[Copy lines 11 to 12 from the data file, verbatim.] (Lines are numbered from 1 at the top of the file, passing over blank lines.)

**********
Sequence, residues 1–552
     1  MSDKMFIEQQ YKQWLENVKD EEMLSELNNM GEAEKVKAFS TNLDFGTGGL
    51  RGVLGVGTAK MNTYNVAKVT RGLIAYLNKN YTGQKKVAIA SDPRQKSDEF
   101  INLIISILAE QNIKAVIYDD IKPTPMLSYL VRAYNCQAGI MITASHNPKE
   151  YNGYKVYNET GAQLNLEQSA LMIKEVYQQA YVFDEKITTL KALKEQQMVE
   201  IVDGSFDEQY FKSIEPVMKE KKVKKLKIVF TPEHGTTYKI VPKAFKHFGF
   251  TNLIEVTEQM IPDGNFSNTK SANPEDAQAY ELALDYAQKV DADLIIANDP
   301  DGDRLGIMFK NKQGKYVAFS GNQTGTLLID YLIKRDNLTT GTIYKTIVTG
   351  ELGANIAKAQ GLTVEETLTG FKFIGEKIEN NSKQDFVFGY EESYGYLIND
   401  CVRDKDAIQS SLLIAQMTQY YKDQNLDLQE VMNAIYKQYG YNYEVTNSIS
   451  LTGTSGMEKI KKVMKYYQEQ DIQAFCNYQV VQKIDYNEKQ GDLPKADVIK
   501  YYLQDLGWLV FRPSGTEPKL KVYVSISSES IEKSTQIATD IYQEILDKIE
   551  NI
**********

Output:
   451  LTGTSGMEKI KKVMKYYQEQ DIQAFCNYQV VQKIDYNEKQ GDLPKADVIK
   501  YYLQDLGWLV FRPSGTEPKL KVYVSISSES IEKSTQIATD IYQEILDKIE